When Too Little Is Too Much: Why the Supreme Court Should Either Explain Its Opinions or Keep Them to Itself

In 1972, the Supreme Court released what appears on its face to be one of the simplest opinions in its history. That decision, Baker v. Nelson, read, in its entirety: “The appeal is dismissed for want of a substantial federal question.” That’s it. Eleven straightforward words. But, as is often the case in the law, great complexity lurks under the surface, for this terse order has been cited by no fewer than sixty-two judicial opinions and 314 secondary sources. This essay explores the surprising influence of Baker v. Nelson and ultimately concludes that, in future, the Supreme Court should refrain from issuing such summary opinions.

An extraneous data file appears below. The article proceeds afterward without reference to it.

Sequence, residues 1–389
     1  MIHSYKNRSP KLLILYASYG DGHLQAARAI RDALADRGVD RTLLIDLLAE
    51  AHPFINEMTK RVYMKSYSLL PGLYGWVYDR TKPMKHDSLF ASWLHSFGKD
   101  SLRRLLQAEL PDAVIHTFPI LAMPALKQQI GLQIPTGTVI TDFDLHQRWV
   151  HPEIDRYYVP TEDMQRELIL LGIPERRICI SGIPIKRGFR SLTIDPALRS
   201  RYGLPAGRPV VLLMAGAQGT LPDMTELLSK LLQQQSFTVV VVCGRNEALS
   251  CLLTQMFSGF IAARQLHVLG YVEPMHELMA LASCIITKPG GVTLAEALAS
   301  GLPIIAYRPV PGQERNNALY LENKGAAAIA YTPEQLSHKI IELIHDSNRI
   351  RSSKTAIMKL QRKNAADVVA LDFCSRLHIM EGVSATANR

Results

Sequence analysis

Jonah J. Horwitz, When Too Little Is Too Much: Why the Supreme Court Should Either Explain Its Opinions or Keep Them to Itself, 98 Minn. L. Rev. Headnotes 1 (2013).

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